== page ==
Pikes Peak as seen from Garden of the Gods Park, Colorado

A Tradition of Manufacturing for Story-Telling

drive-in-speakerBefore there was Tributestone, there was Systems and Products Engineering Company (SPECO). And before SPECO, there was Drive-In Theatre Manufacturing Company (DITMCO), and that’s where it all began.

In 1948 George Heller started DITMCO, whose focus was on movie theatre wholesale operations. Shortly thereafter, he took advantage of the opportunity to purchase many patents that had once been held exclusively by companies like Norelco and RCA. Enlisting a team of engineers, together they devised new technology for the drive-in movie industry. This shift in focus proved to be a success; if a product was used in a drive-in movie theatre, Mr. Heller’s company created it: blueprints, screens, towers, projection booth equipment, automation systems, concessions booths, display booths, playground equipment, lighting, wiring, speakers, junction boxes, and stands.Mom-and-Dad-danacing

The electronics division of the company was also enjoying success, namely in the form of inventing and manufacturing testing equipment for the military. It was crucial to the military that the wiring and electrical systems on their tanks, ships, and airplanes run without incident. Drive-In Theatre Manufacturing Company’s electronics division also designed the testing equipment for wiring harnesses from other manufacturers, certifying it for military use. Their testing equipment allowed the acronym ‘DITMCO’ to become synonymous with a high level of reliability, testing, and certification.

George Heller was a family man and employed his four nephews, Ed, George, Howard, and Gene Higginbotham. He made sure The Brothers had intimate knowledge about everything concerning the company: inventory, assembly, packaging and shipping, billing and accounts receivable, sales, etc. By the late 1950s, when the electronics division outgrew the main drive-in manufacturing part of the company, Mr. Heller sold the electronics division along with the acronym DITMCO (due to the brand of testing excellence it had acquired). He kept the drive-in theatre business and the name Drive-In Theatre Manufacturing Company. In 1961, due to a decline in his health, Mr. Heller sold his company to his nephew, George.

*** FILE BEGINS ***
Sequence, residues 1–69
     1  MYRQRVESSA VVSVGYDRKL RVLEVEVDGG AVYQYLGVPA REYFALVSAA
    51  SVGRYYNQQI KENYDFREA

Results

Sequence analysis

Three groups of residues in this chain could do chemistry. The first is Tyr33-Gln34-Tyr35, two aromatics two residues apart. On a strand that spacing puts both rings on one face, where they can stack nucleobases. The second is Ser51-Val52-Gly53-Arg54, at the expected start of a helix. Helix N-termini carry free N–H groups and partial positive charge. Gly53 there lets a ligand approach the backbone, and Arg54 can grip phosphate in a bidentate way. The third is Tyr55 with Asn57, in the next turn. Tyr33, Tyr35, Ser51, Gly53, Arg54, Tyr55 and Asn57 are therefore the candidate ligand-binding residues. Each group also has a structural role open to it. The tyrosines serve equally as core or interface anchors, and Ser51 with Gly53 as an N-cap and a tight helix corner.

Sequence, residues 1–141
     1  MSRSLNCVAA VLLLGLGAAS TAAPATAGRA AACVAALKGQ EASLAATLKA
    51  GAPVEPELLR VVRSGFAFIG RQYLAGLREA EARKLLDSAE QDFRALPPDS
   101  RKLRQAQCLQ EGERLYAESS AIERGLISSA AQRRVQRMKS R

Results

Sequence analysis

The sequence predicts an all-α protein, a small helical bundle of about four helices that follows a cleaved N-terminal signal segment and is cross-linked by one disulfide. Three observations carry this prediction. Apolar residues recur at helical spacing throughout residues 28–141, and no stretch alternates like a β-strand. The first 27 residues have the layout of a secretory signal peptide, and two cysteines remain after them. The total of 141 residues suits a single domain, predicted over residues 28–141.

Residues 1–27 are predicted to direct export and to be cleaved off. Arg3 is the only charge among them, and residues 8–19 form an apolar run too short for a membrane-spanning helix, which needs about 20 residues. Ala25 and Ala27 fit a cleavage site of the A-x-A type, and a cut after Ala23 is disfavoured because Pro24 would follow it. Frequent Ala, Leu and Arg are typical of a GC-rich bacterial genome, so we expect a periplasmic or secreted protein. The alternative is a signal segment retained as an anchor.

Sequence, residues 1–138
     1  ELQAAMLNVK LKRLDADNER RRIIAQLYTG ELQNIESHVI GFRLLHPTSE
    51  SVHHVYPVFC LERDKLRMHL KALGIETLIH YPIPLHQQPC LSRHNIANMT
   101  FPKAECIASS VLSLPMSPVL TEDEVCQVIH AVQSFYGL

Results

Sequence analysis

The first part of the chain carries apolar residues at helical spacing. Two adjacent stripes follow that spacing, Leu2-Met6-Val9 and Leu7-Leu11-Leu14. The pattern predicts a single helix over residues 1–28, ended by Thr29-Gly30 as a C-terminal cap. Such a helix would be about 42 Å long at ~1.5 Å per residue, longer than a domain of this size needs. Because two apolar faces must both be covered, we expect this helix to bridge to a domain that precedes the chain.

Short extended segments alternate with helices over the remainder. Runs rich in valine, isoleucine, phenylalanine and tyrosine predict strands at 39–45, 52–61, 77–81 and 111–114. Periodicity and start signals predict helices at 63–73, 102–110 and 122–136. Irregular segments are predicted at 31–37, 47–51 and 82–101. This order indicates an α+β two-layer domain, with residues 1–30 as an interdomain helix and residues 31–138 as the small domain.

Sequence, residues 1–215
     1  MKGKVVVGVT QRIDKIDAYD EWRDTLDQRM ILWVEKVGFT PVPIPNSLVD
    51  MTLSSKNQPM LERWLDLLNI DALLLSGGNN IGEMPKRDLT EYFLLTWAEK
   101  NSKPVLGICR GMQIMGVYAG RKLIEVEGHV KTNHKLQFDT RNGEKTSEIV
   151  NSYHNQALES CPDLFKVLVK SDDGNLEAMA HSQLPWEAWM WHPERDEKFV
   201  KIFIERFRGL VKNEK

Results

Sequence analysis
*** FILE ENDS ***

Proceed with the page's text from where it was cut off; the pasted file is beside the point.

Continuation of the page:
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George Higginbotham and his brothers carried on the tradition of hard work and product excellence, and Drive-In Theatre thrived. George Heller’s legacy would impact not only The Brothers, but over time, the company would employ countless family members (The Brothers’ wives, children, grandchildren, great-grandchildren, cousins, in-laws and even various family members of non-related employees). It truly was a family business, and just like his uncle, George Higginbotham led by example. He was the President and CEO, but when needed, he worked long, hard hours assembling, crating, and shipping products. If a theatre owner was in a crunch, George would even make delivery runs.

As time and technology progressed, the drive-in movie theatre equipment manufacturer became an indoor movie theatre equipment manufacturer, and in 1980, the name changed to Systems and Products Engineering Company (SPECO). The late 1980s and early 1990s brought larger indoor theatres to cities, and SPECO was booming, selling equipment all over the world. Theatre owners trusted SPECO’s electronic equipment because it was reliable, durable, easy to use, and easy to fix–especially important since curious teenagers were usually running these million dollar projection booths.

After 65 years in the business, George finally retired, and when digital sound and the technology of projection that accompanied it came into view, SPECO made the conscious decision to tiptoe out of the multiplex movie market and apply the reliability, ingenuity, and ease of use standards to its new product: Tributestone. And at its helm? Jaren Higginbotham, George’s son. The legacy continues.

 For more information, please call (913) 321-3978 or email.